Bersih 3.0 an attempt to overthrow elected government, says PM
KUALA LUMPUR, May 4 — Datuk Seri Najib Razak said today the Bersih 3.0 rally last Saturday was an attempt to topple the government, as he hardened his administration’s position on the electoral reform movement.
The prime minister told a rally in Kelantan broadcast live on television that the April 28 demonstrators had wanted more than to rally in Dataran Merdeka for a few hours.
“They wanted to occupy the square for days. That was why Bersih 3.0 organisers had rejected the government’s offer for the event to be held at other venues including Stadium Merdeka.
“Their intention was purely political. It was an attempt to take over Putrajaya.
“They had wanted to overthrow the government that was elected by the people,” he was reported as saying by The Star Online at the 1 Malaysia community carnival launch in Gua Musang.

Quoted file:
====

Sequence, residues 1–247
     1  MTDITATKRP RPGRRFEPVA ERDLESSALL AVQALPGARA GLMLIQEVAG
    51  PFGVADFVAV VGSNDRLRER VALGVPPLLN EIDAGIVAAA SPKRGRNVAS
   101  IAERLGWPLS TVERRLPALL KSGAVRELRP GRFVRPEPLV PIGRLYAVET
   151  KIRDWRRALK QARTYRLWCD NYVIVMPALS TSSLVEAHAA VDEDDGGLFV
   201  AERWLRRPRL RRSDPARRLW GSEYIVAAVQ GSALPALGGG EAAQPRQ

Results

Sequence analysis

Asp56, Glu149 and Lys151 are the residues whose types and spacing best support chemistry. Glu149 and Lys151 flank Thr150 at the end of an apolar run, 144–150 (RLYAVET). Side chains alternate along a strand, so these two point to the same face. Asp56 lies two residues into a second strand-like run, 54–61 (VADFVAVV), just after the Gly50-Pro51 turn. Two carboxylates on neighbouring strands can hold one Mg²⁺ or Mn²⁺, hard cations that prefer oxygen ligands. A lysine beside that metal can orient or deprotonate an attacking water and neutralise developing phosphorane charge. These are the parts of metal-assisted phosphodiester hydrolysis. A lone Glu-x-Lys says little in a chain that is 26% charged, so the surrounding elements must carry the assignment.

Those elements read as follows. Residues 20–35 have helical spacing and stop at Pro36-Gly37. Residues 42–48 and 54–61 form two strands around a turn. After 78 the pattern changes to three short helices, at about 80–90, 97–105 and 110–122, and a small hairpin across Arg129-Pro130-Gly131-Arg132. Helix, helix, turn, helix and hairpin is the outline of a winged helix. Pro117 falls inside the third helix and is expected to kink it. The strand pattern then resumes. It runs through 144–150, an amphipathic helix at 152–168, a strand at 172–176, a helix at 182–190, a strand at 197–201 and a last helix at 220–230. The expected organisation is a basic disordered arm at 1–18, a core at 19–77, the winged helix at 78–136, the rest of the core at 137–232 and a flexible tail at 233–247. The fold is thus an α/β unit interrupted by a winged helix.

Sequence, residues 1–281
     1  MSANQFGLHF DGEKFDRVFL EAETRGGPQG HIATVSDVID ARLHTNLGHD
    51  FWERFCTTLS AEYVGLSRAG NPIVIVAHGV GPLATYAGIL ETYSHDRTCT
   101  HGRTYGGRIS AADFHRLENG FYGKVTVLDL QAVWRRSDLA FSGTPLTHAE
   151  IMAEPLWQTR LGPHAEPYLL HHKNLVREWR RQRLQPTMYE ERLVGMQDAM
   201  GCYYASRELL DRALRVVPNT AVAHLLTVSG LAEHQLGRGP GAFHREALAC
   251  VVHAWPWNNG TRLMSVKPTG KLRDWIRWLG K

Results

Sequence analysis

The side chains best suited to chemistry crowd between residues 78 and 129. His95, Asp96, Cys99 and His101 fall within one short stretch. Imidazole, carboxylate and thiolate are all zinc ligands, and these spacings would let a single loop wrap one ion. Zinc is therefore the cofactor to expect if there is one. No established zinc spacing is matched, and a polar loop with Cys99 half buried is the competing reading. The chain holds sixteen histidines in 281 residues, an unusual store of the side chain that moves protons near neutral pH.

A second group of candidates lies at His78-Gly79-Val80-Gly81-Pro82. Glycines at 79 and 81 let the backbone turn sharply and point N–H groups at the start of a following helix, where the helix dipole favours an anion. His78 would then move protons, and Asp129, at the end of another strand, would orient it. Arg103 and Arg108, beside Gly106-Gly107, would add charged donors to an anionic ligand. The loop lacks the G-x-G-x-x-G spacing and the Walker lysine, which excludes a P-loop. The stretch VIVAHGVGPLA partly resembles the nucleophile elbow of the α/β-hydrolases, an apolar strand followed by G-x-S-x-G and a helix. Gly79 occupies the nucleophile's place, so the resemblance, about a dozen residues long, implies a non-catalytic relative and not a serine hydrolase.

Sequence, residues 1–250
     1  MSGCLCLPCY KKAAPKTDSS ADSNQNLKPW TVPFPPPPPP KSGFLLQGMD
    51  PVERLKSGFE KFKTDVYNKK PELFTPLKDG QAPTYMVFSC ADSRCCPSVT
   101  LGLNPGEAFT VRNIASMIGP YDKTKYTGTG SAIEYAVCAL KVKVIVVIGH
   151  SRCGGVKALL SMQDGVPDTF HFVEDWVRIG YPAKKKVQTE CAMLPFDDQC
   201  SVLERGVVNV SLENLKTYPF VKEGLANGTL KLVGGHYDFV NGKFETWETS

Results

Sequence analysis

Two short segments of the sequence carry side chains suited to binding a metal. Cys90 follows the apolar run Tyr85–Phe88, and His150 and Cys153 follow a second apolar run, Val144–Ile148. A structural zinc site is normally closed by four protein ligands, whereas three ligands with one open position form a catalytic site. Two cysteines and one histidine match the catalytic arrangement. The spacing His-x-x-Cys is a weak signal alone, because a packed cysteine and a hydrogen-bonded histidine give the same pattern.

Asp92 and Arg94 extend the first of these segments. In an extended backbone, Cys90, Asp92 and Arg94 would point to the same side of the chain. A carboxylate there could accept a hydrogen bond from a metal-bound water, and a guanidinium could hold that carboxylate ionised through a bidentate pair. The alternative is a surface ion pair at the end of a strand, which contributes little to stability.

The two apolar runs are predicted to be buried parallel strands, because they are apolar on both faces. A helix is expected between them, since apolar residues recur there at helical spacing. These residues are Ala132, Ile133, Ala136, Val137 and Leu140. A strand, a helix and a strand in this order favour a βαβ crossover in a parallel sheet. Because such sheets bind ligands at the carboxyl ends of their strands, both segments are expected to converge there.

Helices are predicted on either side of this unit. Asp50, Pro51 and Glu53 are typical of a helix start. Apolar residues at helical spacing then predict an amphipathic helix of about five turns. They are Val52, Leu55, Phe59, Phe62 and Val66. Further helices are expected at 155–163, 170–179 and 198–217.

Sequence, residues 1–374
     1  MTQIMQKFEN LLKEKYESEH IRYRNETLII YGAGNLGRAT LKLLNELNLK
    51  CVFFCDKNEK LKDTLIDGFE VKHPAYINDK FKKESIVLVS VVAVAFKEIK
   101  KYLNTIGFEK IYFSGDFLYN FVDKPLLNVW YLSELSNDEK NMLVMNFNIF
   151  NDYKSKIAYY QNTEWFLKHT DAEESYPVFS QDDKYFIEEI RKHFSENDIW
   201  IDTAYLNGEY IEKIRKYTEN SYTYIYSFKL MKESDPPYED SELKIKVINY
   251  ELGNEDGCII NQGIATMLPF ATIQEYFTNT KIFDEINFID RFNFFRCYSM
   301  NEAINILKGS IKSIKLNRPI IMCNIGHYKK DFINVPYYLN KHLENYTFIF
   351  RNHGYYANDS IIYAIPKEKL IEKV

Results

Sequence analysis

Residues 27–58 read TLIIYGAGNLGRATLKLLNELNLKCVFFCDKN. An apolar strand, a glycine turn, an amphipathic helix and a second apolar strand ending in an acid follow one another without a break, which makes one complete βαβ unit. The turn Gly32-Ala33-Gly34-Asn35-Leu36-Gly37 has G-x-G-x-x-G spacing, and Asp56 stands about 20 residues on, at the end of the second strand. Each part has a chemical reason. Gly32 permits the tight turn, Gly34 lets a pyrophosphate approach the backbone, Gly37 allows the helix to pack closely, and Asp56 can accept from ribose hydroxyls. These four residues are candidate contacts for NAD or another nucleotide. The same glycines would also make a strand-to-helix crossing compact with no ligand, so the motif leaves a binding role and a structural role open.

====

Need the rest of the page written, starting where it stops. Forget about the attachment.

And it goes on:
Yesterday, Najib appeared to blame Bersih 3.0 organisers for last Saturday’s violence, saying if the group had accepted the government’s Stadium Merdeka offer, “these things would not have happened at all”.
He said the gathering for free and fair elections would have been peaceful if it had been held at the stadium as the authorities would have facilitated the event.
He cited protests in modern societies like the United States and United Kingdom as examples, saying it was difficult to avoid altercations among protesters.
This, he explained, was also the main reason why his administration had enacted the Peaceful Assembly Act 2011, which was mooted last year to better regulate public gatherings after the fracas of Bersih’s last rally in July last year.
The Peaceful Assembly Act 2011, which came into force just days before the Bersih 3.0 rally, prohibits street protests but allows public gatherings in designated areas of assembly, which the government has yet to determine.
Chaos reigned on the streets of Kuala Lumpur for over four hours after 3pm last Saturday when police fired tear gas and water cannons and chased protesters down the streets of the capital to disperse what had initially started out as a peaceful protest calling for free and fair elections.
The violence has resulted in finger-pointing by all parties involved, even as police investigations are being carried out.